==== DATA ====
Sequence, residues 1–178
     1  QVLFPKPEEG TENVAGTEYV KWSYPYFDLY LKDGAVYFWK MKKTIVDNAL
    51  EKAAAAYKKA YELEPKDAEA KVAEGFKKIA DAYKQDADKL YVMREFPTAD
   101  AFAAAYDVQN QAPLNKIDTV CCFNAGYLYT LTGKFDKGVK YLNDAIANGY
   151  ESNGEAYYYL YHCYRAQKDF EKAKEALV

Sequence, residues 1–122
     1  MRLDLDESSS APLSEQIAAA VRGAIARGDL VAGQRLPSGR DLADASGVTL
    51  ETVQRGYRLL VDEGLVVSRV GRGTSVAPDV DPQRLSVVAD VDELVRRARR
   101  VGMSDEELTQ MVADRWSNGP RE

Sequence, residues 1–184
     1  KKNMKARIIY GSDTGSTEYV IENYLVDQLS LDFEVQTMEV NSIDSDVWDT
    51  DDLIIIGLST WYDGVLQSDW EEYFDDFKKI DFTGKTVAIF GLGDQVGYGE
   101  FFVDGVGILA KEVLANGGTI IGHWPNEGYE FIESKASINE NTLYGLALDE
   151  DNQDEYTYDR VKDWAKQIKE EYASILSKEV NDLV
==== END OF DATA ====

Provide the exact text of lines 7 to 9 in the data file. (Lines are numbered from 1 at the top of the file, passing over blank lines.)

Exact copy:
     1  MRLDLDESSS APLSEQIAAA VRGAIARGDL VAGQRLPSGR DLADASGVTL
    51  ETVQRGYRLL VDEGLVVSRV GRGTSVAPDV DPQRLSVVAD VDELVRRARR
   101  VGMSDEELTQ MVADRWSNGP RE